I choose carefully which poems and other stimuli (such as music, art, a beloved object, a photo, nature walk, food) that I show them. Tuning in to the tastes and curiosity-triggers of different age groups is helpful to engendering a positive response. First graders are at a different developmental stage than fourth graders. It has also been important to me to select material, and give instructions, that allow a wide range of response. However, good poems don’t “talk down” or cutesify their subject matter. A fourth or fifth grader, or an adult, can love a simply-put or funny poem just as enthusiastically as can a first grader. And a fifth grader will still love to go outside to write a garden poem as much as will a second grader.
The most common method I employ to engage students’ interest, is questions. This encourages the opening-out atmosphere I mentioned earlier. I tell them to ask questions, and I ask them to tell me what they think, or can guess, about the model poem or whatever else we’re focusing on (a piece of art, for instance). In poetry (the writing of it, or the discussing of it), there are no Right Answers. We’re just exploring. “Why do you think the poet said the horse is blue?” “What is a ‘black water car’?” “How do the palm leaf roofs ‘sing’?” “What do you think the poet was feeling when he said, ’My father was with me on his head’?”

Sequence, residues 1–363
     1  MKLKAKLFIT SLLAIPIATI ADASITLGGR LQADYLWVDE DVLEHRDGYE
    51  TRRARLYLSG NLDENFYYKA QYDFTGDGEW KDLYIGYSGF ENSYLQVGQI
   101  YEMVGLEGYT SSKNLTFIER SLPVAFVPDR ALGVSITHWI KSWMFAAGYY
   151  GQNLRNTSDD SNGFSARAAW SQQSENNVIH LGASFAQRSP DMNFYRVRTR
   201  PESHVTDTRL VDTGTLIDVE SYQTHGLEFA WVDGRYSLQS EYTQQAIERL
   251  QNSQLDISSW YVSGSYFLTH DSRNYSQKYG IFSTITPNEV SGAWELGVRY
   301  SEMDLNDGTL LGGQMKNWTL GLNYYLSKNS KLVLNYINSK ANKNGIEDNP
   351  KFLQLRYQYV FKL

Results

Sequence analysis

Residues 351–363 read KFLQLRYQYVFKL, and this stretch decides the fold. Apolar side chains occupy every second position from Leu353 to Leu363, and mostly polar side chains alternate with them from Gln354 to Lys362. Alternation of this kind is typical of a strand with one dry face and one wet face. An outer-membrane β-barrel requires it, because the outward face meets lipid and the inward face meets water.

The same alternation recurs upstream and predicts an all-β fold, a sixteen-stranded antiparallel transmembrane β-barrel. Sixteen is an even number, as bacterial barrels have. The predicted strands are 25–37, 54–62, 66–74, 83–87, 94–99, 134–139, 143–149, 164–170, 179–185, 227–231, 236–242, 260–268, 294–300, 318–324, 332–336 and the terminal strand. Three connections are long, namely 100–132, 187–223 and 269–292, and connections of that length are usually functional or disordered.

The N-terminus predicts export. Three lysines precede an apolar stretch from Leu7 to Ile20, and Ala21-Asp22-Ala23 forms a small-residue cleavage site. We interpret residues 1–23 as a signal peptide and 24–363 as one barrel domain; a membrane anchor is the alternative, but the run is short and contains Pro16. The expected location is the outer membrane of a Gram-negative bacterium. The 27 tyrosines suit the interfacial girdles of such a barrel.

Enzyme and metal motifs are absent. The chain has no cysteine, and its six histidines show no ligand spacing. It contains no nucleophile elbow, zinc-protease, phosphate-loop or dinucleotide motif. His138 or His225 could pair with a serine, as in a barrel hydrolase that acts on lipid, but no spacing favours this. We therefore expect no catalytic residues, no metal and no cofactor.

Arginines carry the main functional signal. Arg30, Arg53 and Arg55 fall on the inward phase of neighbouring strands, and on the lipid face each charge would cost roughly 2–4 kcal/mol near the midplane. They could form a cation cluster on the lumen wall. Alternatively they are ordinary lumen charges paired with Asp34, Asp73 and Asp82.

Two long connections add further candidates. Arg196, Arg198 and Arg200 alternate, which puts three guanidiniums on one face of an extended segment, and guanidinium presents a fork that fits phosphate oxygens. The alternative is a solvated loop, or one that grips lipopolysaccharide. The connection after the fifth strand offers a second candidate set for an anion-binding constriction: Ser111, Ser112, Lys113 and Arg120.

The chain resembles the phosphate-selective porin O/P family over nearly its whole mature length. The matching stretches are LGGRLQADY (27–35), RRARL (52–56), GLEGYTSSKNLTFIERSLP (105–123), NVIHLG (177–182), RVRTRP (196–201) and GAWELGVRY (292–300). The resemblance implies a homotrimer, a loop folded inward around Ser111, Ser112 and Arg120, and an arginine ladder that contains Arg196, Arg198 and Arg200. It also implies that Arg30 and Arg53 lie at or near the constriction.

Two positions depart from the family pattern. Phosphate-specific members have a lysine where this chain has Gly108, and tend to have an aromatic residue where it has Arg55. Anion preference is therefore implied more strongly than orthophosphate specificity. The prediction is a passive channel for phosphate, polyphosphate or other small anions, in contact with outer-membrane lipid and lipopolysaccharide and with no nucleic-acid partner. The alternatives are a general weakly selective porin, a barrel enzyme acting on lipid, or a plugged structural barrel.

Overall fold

I even ask them to guess what I meant by certain phrases in my own poems. “Why do you think I wrote it this way_____________ instead of saying __________?” And, unless they specifically ask me to tell them why I chose what I chose, I let their guesses stand. It could have been any of them.